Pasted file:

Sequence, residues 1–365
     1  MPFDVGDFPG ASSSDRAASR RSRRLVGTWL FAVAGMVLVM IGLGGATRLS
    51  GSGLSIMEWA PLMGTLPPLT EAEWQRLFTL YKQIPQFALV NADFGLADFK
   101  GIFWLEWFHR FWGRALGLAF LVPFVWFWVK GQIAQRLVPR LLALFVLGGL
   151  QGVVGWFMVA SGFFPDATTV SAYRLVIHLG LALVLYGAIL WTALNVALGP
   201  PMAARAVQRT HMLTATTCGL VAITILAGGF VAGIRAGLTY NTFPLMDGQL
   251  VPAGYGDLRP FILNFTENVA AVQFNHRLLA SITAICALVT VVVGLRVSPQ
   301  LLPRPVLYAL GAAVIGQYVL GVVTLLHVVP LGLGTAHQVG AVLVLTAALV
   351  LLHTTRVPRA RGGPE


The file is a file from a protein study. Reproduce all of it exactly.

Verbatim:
Sequence, residues 1–365
     1  MPFDVGDFPG ASSSDRAASR RSRRLVGTWL FAVAGMVLVM IGLGGATRLS
    51  GSGLSIMEWA PLMGTLPPLT EAEWQRLFTL YKQIPQFALV NADFGLADFK
   101  GIFWLEWFHR FWGRALGLAF LVPFVWFWVK GQIAQRLVPR LLALFVLGGL
   151  QGVVGWFMVA SGFFPDATTV SAYRLVIHLG LALVLYGAIL WTALNVALGP
   201  PMAARAVQRT HMLTATTCGL VAITILAGGF VAGIRAGLTY NTFPLMDGQL
   251  VPAGYGDLRP FILNFTENVA AVQFNHRLLA SITAICALVT VVVGLRVSPQ
   301  LLPRPVLYAL GAAVIGQYVL GVVTLLHVVP LGLGTAHQVG AVLVLTAALV
   351  LLHTTRVPRA RGGPE